Not exactly a great analogy as you cannot template the PC/Laptop industry to specialised Camera companies. The volume of scales are not the same and the CMOS sensor RD is very restricted between Canon and Sony.
Sensor fabrication defects also affect yield on CMOS sensors much more than they do on IC's. With an integrated circuit like a multi-core CPU, if a defect kills off a core or two, or even part of L2 or L3 cache, manufacturers can usually disable the unusable parts. That greatly reduces the loss due to imperfections in wafers, salvaging "damaged" parts for use as slower or less capable versions. This would apply to CPU's with large on-board caches, multi-core CPU's, GPU's, etc.
When it comes to CMOS sensors, a single defect tends to kill the whole sensor. When it comes to larger full-frame sensors, they start right out making FAR less efficient use of wafer area than smaller sensors, cpu's, gpu's, etc. You can't salvage a sensor etched onto defective wafer area, so they are pure loss. That greatly increases the price of FF sensors over smaller ones. Thats also a significant factor to why medium format cameras are so expensive (the least expensive of which are Pentax's 645D.) MF sensors use wafer space even less effectively, and defect loss is even higher (the greater the sensor area, the greater the chances of losing entire sensors to a single wafer defect.)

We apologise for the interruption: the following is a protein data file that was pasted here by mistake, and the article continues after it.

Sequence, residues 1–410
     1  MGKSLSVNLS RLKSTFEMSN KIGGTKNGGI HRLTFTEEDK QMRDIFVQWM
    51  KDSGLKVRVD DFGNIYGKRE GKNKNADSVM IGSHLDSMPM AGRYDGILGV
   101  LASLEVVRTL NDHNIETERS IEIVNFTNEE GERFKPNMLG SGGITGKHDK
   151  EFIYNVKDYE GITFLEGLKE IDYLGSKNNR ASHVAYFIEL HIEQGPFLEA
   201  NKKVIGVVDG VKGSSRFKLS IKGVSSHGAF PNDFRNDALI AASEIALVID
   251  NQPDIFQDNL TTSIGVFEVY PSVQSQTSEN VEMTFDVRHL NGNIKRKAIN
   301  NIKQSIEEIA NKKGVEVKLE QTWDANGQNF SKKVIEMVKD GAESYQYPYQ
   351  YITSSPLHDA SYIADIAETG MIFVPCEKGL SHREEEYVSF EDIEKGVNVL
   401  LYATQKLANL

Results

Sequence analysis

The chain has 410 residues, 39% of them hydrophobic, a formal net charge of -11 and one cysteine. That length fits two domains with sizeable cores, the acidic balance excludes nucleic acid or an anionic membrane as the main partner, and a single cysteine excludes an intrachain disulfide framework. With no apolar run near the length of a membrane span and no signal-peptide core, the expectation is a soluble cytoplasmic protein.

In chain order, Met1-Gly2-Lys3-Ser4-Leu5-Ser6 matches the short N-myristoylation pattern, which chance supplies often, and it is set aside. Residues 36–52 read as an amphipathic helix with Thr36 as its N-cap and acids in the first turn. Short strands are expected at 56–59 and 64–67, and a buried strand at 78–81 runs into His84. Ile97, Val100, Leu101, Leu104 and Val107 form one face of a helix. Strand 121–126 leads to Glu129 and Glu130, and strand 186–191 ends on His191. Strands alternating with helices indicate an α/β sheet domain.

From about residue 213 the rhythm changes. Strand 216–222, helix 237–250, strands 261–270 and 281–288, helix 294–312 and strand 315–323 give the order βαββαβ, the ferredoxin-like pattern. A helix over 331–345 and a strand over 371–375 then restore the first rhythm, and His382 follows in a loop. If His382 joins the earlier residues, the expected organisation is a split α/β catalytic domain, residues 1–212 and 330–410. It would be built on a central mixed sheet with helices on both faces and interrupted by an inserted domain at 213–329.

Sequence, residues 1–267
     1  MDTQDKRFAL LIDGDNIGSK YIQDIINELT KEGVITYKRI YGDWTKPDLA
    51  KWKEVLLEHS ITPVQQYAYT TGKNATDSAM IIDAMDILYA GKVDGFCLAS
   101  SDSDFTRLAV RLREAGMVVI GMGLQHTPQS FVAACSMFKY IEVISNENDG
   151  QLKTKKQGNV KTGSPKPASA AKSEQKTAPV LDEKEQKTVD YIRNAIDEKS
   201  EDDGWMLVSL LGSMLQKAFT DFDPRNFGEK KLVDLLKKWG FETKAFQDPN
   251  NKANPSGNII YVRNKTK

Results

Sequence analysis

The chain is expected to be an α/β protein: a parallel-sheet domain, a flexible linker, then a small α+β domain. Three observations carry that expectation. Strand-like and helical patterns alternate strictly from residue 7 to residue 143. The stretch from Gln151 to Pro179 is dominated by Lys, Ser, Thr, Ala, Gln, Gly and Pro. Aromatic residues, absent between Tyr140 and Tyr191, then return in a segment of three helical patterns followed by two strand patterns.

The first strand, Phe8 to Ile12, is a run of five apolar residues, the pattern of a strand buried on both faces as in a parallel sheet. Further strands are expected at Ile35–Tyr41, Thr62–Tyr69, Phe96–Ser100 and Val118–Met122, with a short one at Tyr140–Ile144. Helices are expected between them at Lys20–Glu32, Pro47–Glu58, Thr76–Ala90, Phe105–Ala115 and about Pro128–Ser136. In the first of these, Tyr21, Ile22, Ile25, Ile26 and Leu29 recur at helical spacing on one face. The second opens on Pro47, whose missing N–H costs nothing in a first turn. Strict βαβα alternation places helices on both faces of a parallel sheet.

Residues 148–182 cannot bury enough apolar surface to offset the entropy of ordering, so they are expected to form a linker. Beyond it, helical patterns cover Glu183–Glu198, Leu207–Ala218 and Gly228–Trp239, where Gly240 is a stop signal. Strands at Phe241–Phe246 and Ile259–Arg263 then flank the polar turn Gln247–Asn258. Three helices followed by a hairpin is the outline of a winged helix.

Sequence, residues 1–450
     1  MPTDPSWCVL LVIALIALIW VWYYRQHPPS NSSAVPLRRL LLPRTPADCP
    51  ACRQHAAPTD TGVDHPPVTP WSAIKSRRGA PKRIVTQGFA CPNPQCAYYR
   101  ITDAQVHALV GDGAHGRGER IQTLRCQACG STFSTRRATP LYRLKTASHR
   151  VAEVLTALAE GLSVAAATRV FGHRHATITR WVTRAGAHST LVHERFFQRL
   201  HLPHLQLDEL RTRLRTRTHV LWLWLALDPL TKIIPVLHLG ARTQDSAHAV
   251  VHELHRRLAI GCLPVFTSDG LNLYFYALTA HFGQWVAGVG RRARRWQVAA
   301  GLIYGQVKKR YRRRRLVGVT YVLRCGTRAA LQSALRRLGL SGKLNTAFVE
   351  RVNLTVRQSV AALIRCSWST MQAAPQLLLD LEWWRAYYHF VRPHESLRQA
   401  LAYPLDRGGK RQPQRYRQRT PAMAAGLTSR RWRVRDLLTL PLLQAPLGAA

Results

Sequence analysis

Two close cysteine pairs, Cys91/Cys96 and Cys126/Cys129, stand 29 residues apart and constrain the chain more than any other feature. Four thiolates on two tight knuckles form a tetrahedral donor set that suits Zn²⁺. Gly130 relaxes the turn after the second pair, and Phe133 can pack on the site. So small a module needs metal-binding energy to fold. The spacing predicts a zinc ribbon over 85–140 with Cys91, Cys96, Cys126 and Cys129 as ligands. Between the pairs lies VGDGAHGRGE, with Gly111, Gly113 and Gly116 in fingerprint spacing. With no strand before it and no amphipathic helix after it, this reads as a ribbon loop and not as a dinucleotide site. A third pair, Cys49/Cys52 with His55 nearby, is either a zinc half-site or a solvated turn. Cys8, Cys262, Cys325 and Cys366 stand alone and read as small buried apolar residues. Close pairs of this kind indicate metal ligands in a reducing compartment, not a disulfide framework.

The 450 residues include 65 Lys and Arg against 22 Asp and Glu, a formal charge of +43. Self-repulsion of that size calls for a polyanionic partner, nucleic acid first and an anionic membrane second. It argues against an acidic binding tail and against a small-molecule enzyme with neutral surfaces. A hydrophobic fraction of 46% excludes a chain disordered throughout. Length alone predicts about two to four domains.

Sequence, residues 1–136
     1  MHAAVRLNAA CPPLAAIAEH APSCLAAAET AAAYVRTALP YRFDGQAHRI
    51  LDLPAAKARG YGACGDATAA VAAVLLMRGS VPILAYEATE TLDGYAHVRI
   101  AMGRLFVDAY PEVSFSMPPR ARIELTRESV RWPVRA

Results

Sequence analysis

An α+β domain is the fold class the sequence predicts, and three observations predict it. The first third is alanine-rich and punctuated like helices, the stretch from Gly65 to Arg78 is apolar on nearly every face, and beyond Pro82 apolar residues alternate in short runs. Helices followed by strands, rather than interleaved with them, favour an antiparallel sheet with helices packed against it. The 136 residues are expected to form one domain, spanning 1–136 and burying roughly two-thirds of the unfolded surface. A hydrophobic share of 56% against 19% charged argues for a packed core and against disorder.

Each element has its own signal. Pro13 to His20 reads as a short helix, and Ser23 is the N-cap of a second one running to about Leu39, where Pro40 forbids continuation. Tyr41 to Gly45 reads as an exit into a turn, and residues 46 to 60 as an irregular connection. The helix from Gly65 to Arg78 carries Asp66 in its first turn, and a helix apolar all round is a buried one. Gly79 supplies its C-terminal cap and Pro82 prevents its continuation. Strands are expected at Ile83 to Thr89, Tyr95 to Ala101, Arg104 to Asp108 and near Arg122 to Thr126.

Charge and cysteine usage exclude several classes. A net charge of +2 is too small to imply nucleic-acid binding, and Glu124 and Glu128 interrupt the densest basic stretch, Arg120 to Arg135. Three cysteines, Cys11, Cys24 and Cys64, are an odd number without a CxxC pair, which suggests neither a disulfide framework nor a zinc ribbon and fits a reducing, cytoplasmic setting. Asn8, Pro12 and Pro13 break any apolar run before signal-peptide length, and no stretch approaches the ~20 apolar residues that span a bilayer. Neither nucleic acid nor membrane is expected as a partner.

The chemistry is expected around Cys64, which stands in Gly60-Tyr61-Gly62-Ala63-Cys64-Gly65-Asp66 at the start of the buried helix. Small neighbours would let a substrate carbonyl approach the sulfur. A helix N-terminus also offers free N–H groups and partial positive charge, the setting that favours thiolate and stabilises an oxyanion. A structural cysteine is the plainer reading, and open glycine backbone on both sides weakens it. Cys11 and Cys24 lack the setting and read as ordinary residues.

Comparing the larger format digital camera market to the laptop or even larger PC market in general is indeed a rather poor analogy. The circumstances and behavior of the two markets differ radically, on many more levels than just CMOS fabrication.